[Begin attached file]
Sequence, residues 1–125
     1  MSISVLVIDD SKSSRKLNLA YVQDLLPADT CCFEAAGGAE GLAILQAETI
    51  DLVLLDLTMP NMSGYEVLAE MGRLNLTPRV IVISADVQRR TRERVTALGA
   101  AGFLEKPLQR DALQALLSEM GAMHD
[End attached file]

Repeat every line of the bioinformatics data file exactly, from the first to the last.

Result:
Sequence, residues 1–125
     1  MSISVLVIDD SKSSRKLNLA YVQDLLPADT CCFEAAGGAE GLAILQAETI
    51  DLVLLDLTMP NMSGYEVLAE MGRLNLTPRV IVISADVQRR TRERVTALGA
   101  AGFLEKPLQR DALQALLSEM GAMHD